Well, I haven't been up on a soap box recently on the blog, so here we go...
There is nothing more free and powerful than an American male, and I am reminded of that every time I leave my home here in Taipei. Being here, as a foreigner with pale skin, I attract a certain level of attention. People are kind to me. People stare at me. People are interested in me, by me, about me, and so on. I am a walking novelty (to many). Nevertheless, my magic pales in comparison to that of an American male, preferably one young enough that he might still on occassion be referred to as a young man... let's just call him a boy. [Even though it doesn't seem to matter if you are old and unattractive either...]
It doesn't matter how many people watch me as I walk by, wonder what I am asking when I open my mouth - they don't aspire to be my companion, or I guess my presence is more intimidating than mystifying. For the white men, women cling to them. They each have a Taiwanese girlfriend, maybe two or three for all I know??? Whatever it is about being a white boy, it is all the leverage they need to find the right job, meet the right girl, have women lining up to be thier 24 hour tour guide and translator. For me, it is not the same. Now don't get me wrong, you all know I am already spoken for, but when people ask me if I've 'made any new friends?' - this is one segment of the population that you can count out. With so many beautiful locals vying for thier attention and eager to be of assistance - the foreign men that I've seen could care less about a foreign female crossing thier path!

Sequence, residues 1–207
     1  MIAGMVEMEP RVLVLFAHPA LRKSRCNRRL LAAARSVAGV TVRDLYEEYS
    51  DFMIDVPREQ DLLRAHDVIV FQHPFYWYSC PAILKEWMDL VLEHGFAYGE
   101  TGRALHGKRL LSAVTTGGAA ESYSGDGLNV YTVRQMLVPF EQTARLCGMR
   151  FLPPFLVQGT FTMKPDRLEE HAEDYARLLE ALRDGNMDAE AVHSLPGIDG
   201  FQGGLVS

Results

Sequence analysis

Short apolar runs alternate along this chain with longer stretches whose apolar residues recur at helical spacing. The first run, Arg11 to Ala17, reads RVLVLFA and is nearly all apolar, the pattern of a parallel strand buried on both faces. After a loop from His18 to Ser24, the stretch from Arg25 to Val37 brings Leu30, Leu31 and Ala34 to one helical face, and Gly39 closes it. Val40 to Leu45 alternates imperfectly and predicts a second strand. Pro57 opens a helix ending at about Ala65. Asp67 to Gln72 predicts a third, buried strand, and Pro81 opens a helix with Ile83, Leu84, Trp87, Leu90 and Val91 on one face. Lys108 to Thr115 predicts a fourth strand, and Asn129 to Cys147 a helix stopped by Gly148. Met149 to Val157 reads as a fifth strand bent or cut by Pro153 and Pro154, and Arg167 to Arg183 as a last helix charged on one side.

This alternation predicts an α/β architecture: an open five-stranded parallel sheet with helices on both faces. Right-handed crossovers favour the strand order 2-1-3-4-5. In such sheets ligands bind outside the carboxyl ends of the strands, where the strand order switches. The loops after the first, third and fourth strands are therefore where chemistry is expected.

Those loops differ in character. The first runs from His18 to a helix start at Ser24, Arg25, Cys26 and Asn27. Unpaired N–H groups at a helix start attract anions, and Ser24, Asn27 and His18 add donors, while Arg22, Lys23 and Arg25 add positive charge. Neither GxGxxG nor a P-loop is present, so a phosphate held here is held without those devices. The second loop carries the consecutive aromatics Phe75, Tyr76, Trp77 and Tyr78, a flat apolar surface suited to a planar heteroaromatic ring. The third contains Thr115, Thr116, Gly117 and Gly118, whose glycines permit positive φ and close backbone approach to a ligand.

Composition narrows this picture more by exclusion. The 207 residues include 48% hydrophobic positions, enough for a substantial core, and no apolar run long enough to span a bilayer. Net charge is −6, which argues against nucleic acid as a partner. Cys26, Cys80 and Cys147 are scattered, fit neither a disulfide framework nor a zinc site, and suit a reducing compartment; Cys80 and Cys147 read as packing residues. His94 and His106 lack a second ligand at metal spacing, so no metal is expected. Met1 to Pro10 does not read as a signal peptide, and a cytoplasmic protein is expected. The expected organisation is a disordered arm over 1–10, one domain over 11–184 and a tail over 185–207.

It doesn't end there. Who else in the world has such access to education, power, fame, wealth and prosperity? Who is born with the right to vote, choose who they marry, borrow money, purchase land? I was speaking today with two different coworkers who have just recently finished their military service terms. In Taiwan, all males serve a minimum of one year mandatory military service before they become a certain age. The term may be served before or after college, should they choose to attend, but it is still required - there is no easy out. [I actually find this concept fascinating; I can't imagine what friendships and experiences the men take with them from this chapter of thier lives. In my mind, it would be comparable to the ups and downs of the journey I am on... but I am still grateful that my husband wasn't swept away from me at age 25 to serve a min. one year military service term with little pay and lots of hard work...]
Moral of the story? If you woke up this morning, and saw your pale, grizzly, American face looking back at you in the mirror (hopefully that excludes the women...), I hope you count yourself lucky! :)